Interviews with Influencers:

Chris Barraclough

Moving from Blogs to Vlogs

There is no question that influencers have become powerful weapons for brands to work with. However, when it comes to working with an influencer, how do you find the right influencer for your brand? How do you know who the right influencer is?

To introduce the 42 Influencer Network – we sat down for a chat with one of it’s Influencer partners; Chris Barraclough to discuss The future of Technology – Moving from Blogs to Vlogs

I first got into tech journalism roughly a decade ago. At the time I was a senior programmer for a high street retailer, spending about ten hours each day squinting at reams of code until my eyeballs bled. Then one night I woke up in a cold, sticky sweat and decided that I absolutely had to quit my job and somehow discover a way to get paid for stuff I actually enjoyed doing, before my entire life passed before me in an anxious trickle to GoTo commands.


I’ve always been a fan of writing (shameless plug, you can buy my novels on Amazon’s Kindle store – one of them won an award once), so I thought journalism would be a good fit. I took an online course and passed the NCTJs, and soon after joined Future Publishing as a tech hound. Getting the chance to play with all kinds of new tech before it hits the public domain never gets old, especially seeing how consumer devices evolve. When I was a kid, I was super proud of my ZX Spectrum, which could load a game in roughly 20 minutes. These days, my 3-year-old daughter is a whizz with an iPad.


I first started presenting tech videos back in my Future days; it was one of the first UK publishing houses to realise the value of the platform. Only in the past couple of years have most other publishers seemed to recognise that tech channels are a great way to reach new audiences and build a community of followers.


The reason for video’s popularity seems to be pretty straightforward. The ‘instant gratification’ world we live in means attention spans have been well and truly curb-stomped. Those days of waiting 20 minutes for a Spectrum game to load are well and truly deceased. Now we get a rage on if we have to stare at a Netflix buffering wheel for more than five seconds, so most people certainly don’t have the will to read a five-page review on a laptop.


Video reviews and features can show off a product in far less time – or even more depth where necessary – while the visual element is a perfect match to shiny, sexy tech. It’s great for us reviewers also, as it allows us to get really creative – not to mention gurn at the camera as much as possible. And while there’ll likely always be a place for the old-school written review, I expect video to rip a huge chunk out of that platform. Although the two do complement each other nicely, when done right.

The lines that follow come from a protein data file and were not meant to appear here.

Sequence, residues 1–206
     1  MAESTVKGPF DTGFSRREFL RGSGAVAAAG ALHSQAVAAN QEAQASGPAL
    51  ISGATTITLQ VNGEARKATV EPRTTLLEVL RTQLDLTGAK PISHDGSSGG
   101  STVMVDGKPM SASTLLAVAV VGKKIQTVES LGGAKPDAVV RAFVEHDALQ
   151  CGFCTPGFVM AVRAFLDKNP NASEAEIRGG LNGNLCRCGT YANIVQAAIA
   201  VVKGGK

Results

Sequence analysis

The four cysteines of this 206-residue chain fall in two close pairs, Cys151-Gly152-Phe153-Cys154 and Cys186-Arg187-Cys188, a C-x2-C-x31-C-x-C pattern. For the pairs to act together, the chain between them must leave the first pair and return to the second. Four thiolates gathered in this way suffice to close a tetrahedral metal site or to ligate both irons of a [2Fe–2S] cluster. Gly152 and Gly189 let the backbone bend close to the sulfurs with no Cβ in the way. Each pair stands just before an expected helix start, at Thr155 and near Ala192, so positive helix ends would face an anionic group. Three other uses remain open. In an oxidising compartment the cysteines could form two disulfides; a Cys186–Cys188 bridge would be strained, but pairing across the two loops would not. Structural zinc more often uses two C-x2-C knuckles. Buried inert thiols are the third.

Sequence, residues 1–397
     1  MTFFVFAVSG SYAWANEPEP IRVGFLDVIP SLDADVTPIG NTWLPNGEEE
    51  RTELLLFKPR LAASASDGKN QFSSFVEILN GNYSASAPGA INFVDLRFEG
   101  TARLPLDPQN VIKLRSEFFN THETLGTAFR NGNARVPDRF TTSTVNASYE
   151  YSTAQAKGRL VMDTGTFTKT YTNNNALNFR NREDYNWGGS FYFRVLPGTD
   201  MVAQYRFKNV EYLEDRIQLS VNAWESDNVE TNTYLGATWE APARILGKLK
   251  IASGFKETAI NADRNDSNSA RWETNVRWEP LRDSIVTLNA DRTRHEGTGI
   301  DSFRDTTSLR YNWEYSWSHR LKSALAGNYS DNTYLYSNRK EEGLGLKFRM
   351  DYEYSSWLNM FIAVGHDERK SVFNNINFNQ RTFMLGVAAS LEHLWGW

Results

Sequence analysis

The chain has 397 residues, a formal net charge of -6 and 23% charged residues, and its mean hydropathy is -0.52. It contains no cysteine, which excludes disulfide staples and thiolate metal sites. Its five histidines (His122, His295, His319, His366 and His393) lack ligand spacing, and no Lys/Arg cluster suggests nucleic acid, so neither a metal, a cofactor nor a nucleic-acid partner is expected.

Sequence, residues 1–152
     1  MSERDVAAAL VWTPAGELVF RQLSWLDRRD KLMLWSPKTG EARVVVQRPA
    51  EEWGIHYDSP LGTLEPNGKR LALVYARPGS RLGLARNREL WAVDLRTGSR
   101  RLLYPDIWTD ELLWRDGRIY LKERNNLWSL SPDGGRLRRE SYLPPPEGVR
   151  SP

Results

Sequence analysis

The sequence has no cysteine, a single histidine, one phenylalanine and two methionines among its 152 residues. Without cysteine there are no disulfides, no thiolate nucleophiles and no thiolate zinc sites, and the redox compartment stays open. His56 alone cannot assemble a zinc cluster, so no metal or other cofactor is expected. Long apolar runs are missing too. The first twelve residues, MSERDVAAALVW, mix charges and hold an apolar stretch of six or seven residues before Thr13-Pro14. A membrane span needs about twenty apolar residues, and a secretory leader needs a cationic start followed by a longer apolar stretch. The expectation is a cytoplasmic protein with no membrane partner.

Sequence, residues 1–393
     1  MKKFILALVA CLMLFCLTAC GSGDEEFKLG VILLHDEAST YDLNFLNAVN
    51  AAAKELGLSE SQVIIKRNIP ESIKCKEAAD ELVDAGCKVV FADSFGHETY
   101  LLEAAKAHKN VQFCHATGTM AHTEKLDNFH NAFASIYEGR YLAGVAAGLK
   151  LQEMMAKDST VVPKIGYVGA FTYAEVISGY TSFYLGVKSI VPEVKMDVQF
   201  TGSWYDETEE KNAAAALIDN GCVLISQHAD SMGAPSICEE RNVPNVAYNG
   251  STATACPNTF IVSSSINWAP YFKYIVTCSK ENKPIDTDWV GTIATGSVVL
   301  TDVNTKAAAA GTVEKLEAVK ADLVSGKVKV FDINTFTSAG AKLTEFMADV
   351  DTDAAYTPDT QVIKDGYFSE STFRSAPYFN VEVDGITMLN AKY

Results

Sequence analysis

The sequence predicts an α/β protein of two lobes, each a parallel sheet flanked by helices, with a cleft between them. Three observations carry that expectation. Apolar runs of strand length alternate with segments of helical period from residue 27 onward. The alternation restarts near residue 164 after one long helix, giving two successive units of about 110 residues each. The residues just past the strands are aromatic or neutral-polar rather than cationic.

At Recombu, we decided to go video only purely out of convenience. We’re only a very small team, and trying to feed a massive website as well as a fast-growing YouTube tech channel was bad news for my bowels. And with the channel soaring in terms of subscribers and monthly views, as well as engagement levels, it made sense to concentrate on this growing sector.

Of course, the pitfall with going video only is that you start to be bracketed with ‘influencers’, the latest form of ‘blogger’ (or ‘vlogger’, as influencers were previously labelled). Influencer is still a bit of a dirty word in journalist and PR circles, conjuring up images of a spotty kid with a rich daddy who bought them lots of expensive camera equipment for Christmas.


Still, many influencers have a commanding presence on YouTube, far ahead of their journalistic peers who were too caught up in the written word to pay much attention. Is this a bad thing? Not necessarily. It’s all a question of responsibility; anyone with a commanding following shouldn’t simply produce content with the aim of getting as many hits as possible, a curse that’s now plaguing traditional tech publications too. Content should be honest and informative, first and foremost.


That’s why brands and PRs shouldn’t just pay attention to the number of hits a video gets on any particular channel. Those numbers are meaningless without more context; who actually is the audience watching these videos? Are they interested in the product, or do they simply enjoy watching the host screech at the camera? How long does the average viewer typically watch for? Are they engaged enough to offer their own opinions?


It’s exciting to think of where this is all leading, both in terms of the tech sector and the way we report on the latest launches. Thankfully, whatever happens, my bowels are a lot happier than they were doing code monkey work.

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